Thursday, August 17, 2006

Unrest in Karbala

Supporters of Iraqi Shi'ite cleric Mahmoud al-Hassani hold up his portrait as they protest against a recent Iraqi police action targeting his office in the southern city of Basra August 1, 2006. REUTERS/Atef Hassan (IRAQ)

Iraqi authorities have declared a curfew in the holy city of Karbala and closed it for 3 days following clashes with Mahmoud Al-Hassani’s followers. The clashes were reportedly prompted by the takeover of the Imam Al-Sadiq religious seminary and Hassani’s offices at Bab Tuwairij in Karbala by Iraqi security forces and the subsequent arrest of several of his followers. (Al-Zaman report in Arabic)

Hassani’s followers are pouring onto Karbala in defiance of the curfew.

Who is Mahmoud Al-Hassani?

Mahmoud Al-Hassani is a former disciple of Ayatollah Mohammed Sadiq Al-Sadr (Muqtada’s father) based in Karbala, briefly imprisoned by Saddam’s regime in 1999 following Sadr’s assassination. He initially pledged allegiance to the remnants of the Sadrist movement that emerged directly after the 2003 war - as did other former representatives and followers of the second Sadr (such as Abdul Sattar Al-Bahadili, Ahmed Al-Fartousi, and Hazim Al-A’raji.) By the time Muqtada Al-Sadr assumed a central role in the leadership of the Sadrist current, Al-Hassani broke off and headed his own Sadrist fringe movement with a limited hardcore following, mainly in Karbala, Basrah and Nasiriya.

By mid 2004, he unilaterally elevated his religious standing and proclaimed himself Grand Ayatollah Mahmoud Al-Sarkhi Al-Hassani. He also issued theological challenges to more established and senior clerics in the Hawza, boasting that he is the most knowledgeable or foremost cleric (al-marja’ al-a’lam) and is capable of solving the most intricate jurisprudential issues (ishkalat).

These declarations were often met with ridicule and disdain from the Shi’ite clerical establishment in both Iraq and Iran. His faction never sought to participate actively in post-war Iraqi politics and, as far as I know, he was not represented with any electoral slate in the 2005 elections. In fact, his movement can be more identified as a religious cult, rather than an active politico-social group.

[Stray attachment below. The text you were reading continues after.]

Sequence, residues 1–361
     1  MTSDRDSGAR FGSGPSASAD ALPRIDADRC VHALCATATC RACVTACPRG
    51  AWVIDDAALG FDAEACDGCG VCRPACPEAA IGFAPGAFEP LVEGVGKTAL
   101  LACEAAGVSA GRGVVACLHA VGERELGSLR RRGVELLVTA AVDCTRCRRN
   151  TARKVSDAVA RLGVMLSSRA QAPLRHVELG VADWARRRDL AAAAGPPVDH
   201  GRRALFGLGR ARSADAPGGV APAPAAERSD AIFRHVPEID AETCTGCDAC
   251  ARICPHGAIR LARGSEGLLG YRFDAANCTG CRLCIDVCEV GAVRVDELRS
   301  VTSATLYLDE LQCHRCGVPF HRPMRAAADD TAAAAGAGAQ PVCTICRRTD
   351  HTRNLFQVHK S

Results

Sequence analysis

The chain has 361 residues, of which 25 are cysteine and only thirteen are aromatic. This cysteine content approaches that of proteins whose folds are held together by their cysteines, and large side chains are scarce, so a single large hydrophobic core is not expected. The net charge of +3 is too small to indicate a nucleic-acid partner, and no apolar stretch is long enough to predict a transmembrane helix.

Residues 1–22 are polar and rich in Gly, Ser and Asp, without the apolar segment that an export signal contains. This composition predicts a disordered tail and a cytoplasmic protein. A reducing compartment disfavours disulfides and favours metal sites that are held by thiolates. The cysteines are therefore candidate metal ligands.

He exhibits fanatical obsession with the reappearance of Imam Al-Mahdi (the hidden 12th Imam, and a descendant of Mohammed through his son-in-law Ali bin Abi Talib, in the beliefs of Shi’ite Twelvers), often alluding to current developments in Iraq as signs of his imminent return. Many of these signs were detailed in Ayatollah Mohammed Sadiq Al-Sadr’s writings, such as the operation of Western spies in Iraq against Saddam Hussein’s regime prior to the war.

Al-Hassani often points out that the al-messiah al-dajjal, or the antichrist, has entered Iraq in the form of the U.S., heralding the reemergence of the 12th Imam, and that Hassani’s followers will act as the Imam’s foot soldiers to restore justice to the world and, more significantly, to fight the corrupt clerical establishment (in reference to false clerics in Iraq and Iran). This claim is often reverberated by Sadr’s Mahdi army, as Omar noted in a recent post.

Many Sadrist followers in Iraq, including their offshoot movements, strongly believe that the Americans (and Jews) came to Iraq to kill Imam Al-Mahdi or to prevent his return. In this context, you can realise the significance of the bombing of the Askari shrine in Samarra last February for the Shia masses, especially if you know that the basement adjacent to the shrine is where Imam Al-Mahdi was known to have disappeared during the 9th century, and is where he is believed to rise again.

Another interesting characteristic of Hassani’s movement is that it strongly resents what it perceives as growing Iranian influence in Iraq. Hassani often attacks Iran in his fiery sermons, and not long ago his followers attacked and set fire to several Iranian consulates in Basrah, Karbala and other southern Iraqi cities in response to an Iranian television program that mocked Hassani.

Hassani is also known for his anti-federalism stance. He also recently issued a fatwa against sectarian violence and forced deportation, in which he stated that the sanctity of the blood of Sunnis and Shi’ites is greater than that of Allah’s house (Mecca) and the prophet’s mosque. A communiqué on his website speculates that this fatwa angered ruling Iraqi parties loyal to Iran (read SCIRI). He also accused the Qom Hawza of ordering the attack against his followers, assisted by Iranian intelligence operatives in Iraq.

Some Iraqis here are questioning the timing of this action against Hassani. He is undeniably a radical but it would be ridiculous to portray his feeble movement as a threat to either the Iraqi government or the coalition. Hassani and his followers are all talk and little action. So far they have not engaged in any violence and there is no evidence that they have participated in confessional killings, unlike Badr and the Mahdi Army.

Others believe that Iran is using its Iraqi proxies again to eliminate its opponents.

No disarmament of militias on the part of the Iraqi government would be credible if the Mahdi Army and the Badr Brigade (both responsible for gruesome sectarian killings and often parading in official Iraqi uniform) are left intact. Hassani’s movement does not even fall under the definition of a militia.